William Blake London 1757-1827 Blakes life Poet, painter,

William Blake London 1757-1827 Blakes life Poet, painter,

William Blake London 1757-1827 Blakes life Poet, painter, visionary mystic, and engraver; illustrated and printed his own books;

belonged to lower class family no formal education: first educated at home, chiefly by his mother at ten attended a drawing school at fourteen apprenticed as an engraver from his early years, he experienced visions of angels and ghostly monks: he saw and conversed with the angel Gabriel, the Virgin Mary, and various historical figures. Blakes works

His early poems at the age of 12. 1783 - first book of poems, Poetical Sketches. 1789 - Songs of innocence. 1790 - 1793 The marriage of Heaven and Hell. In this work Blake expressed his revolt against the established values of his time and attacked the conventional religious views. "Prisons are built with stones of Law, brothels with bricks of Religion.". 1791 The French Revolution: a poem in seven books In this work he enthusiastically welcomed the French Revolution 1793 - America: A Prophecy. 1794 a combined version of Songs of innocence and experience.

1794 Europe : A Prophecy. 1794 The Book of Urizen 1804 1811 Milton: a poem 1804 1820 Jerusalem the sales of Songs of Innocence and Experience and of others of his books were not a success; he was obliged to illustrate other authors works to earn his living and to look for patrons and depend on their protection and money. 1791: Mary Wollstonecraft, Original Stories from Real Life 1797: Edward Young, Night Thoughts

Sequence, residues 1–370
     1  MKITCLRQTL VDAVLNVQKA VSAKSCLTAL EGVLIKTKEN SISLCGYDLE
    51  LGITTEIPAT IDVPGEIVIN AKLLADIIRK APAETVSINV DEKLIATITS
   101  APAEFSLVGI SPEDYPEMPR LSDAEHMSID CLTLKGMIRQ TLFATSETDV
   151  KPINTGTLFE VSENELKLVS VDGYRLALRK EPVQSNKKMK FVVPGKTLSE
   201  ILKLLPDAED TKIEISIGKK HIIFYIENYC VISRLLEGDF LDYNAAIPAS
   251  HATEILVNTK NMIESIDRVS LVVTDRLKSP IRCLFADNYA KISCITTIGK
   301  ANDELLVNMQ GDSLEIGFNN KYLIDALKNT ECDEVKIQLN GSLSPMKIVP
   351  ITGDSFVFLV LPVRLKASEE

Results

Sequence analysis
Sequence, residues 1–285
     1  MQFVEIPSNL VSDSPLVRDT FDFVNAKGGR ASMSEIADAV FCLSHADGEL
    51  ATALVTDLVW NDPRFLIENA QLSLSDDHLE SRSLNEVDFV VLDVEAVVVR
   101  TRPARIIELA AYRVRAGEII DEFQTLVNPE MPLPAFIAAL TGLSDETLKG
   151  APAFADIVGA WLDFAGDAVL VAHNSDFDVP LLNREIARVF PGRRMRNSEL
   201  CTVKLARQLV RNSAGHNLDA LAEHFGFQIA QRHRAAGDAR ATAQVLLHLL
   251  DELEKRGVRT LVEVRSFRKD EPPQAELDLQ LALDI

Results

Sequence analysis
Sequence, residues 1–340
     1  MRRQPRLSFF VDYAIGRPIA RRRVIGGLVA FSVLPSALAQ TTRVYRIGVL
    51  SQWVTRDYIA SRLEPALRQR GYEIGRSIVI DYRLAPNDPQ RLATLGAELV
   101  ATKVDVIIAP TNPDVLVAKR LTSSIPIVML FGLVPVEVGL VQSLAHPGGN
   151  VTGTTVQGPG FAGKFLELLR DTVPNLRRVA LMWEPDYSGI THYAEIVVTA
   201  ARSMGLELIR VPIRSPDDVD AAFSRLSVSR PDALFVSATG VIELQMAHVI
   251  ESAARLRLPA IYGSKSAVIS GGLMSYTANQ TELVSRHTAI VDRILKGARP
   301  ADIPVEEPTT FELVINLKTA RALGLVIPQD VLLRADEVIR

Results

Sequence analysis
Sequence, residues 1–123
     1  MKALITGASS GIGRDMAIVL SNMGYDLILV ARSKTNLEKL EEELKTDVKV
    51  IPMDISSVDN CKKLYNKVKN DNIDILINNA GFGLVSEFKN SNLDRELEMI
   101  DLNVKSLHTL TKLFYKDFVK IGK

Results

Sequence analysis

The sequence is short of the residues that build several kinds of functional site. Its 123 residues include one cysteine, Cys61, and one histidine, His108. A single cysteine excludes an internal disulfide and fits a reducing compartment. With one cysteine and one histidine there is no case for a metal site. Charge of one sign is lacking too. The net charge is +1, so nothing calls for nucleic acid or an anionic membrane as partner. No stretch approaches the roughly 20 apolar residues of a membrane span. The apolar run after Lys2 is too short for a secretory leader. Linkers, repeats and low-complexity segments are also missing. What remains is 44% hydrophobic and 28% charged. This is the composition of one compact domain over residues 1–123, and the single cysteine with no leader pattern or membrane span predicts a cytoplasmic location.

1805-1808: Robert Blair, The Grave 1808: John Milton, Paradise Lost 1819-1820: John Varley, Visionary Heads 1823-1826: The Book of Job 1825-1827: Dante, The Divine Comedy (Blake died in 1827 with these watercolours still unfinished) Blakes thought

Dual vision of Life This dual vision of life was characterised by both positive and negative elements. It emerges clearly in his Songs of Innocence and Experience. According to Blake, the state of innocence and that of experience are contrasting but complementary: they both coexist in the human soul. He thinks that the state of innocence is to be found

in Heaven before Adam and Eve were banished for committing the sin of pride, and . in children who have not yet experienced the evils of society. The images used to describe this state are the lamb and the child. This positive attitude towards life changes into a negative one when the poet turns to look at society, the world of adults who are selfish, never spontaneous, always ready to exploit the weak and the powerless. This is a world of sorrow, distress and suffering and its main symbol is that of the tiger, a beautiful animal, full of energy, but also a terrifying one capable of killing other living beings. Dual vision of God

As a logical consequence, Blake comes to the conclusion that there must be a dual God, too: one good and one wicked. In other words, he sees the creator not only as a loving God who takes care and provides for his creatures but also as a powerful, fearless, cold and severe being capable of punishing his creatures even if they are innocent. The question Blake asks is how is it possible that the God who created the lamb - a mild, meek, innocent animal that would never harm anyone - could also create the tiger? , that is a beautiful but also dangerous animal. How is it possible that this God allows the powerful to exploit the weak, the innocent and the oppressed?